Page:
I've had luck in the past trying to tighten the stuck plug just a bit. The plug may not be stripped as badly when turned in that direction. Then back it out when it's broken free.
I've also ground down a slightly oversized hex wrench, tapering the tip then tapping it into the fudged up hole.
Heat usually helps a lot.
I'm leaning toward some heat and driving something slightly oversized into the rounded whole. Still, I don't have a lot of faith in this. Thinking it might just make the round hole bigger.
 

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Discussion Starter · #10 ·
What do you think about this?
 

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They look like they are meant to file an aluminum hex plug to round.
Dremel a slot into the existing plug edges, heat, use an impact driven large flat head to remove.
The flat head driver must span the entire plug (both sides).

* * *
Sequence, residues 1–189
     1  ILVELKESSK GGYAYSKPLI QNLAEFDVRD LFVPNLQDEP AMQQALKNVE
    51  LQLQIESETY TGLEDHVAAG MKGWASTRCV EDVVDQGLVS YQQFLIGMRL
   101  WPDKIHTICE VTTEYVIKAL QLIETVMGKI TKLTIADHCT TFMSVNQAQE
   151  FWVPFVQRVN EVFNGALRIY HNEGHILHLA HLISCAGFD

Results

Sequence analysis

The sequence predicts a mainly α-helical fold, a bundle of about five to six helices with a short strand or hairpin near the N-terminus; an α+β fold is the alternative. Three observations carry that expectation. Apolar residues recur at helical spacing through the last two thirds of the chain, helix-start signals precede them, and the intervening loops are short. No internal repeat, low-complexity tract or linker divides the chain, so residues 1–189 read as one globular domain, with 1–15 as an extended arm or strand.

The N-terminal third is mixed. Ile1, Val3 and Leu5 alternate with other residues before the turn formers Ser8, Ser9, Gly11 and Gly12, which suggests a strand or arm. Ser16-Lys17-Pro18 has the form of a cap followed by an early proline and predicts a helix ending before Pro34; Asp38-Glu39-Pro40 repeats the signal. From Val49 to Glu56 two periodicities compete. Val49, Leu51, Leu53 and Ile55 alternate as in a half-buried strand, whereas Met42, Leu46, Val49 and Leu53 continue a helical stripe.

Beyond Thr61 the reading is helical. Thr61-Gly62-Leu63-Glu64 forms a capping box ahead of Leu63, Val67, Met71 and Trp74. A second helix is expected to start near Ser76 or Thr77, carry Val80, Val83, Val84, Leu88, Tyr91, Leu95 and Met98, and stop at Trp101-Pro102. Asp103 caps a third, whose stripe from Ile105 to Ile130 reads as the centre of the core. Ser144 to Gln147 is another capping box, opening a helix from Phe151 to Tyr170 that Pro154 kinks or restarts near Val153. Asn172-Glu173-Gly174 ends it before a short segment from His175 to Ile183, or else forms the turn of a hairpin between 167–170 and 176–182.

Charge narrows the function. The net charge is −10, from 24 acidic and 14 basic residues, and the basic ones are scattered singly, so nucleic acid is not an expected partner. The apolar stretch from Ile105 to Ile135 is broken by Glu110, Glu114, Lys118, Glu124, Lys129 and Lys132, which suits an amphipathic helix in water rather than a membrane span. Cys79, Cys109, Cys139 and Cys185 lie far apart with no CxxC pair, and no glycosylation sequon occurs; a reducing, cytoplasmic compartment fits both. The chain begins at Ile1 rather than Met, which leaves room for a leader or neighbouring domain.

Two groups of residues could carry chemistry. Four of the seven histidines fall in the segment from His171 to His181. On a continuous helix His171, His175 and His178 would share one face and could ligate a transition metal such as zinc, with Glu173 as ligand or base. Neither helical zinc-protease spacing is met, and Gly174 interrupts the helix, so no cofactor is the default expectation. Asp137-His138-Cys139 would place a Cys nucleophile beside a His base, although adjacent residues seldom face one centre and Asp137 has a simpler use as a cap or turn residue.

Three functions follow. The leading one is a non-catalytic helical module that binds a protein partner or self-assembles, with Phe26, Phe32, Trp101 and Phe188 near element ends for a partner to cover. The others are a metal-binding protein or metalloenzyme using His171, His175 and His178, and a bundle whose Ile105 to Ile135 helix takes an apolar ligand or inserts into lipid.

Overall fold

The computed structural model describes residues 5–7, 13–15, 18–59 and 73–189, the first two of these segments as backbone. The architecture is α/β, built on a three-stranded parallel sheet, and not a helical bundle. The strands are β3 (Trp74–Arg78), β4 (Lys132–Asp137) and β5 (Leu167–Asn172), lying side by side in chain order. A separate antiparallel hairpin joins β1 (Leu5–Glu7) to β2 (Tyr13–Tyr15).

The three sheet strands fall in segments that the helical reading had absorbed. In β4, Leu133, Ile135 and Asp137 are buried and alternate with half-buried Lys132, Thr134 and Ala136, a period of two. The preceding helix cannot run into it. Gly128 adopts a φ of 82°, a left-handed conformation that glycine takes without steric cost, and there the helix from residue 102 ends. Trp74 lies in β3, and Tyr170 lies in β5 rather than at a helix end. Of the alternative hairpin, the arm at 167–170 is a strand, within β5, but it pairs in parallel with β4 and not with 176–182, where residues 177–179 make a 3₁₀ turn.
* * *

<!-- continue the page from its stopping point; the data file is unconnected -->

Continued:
It is the fill plug, no?
 

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Thanks but it's 10mm internal hex which is now mostly round inside. I need heavy duty with a positive bite.
I think the principle behind the tool is it's a tapered hex, as has been suggested, and like the previous suggestion, it is driven into the rounded hex to tighten it. If you have good skills, grinding a sacrificial hex wrench will be much cheaper than the tool.

If it were my problem, I would get it out with a sharp cold chisel by placing the edge on the right side of the plug, and applying lefty-loosey torque with the chisel and hammer. Worst case, if it didn't screw out, then I would continue until that sumbeach could be pried out, like the top of a can of cocktail weenies. Care with the housing threads would be essential.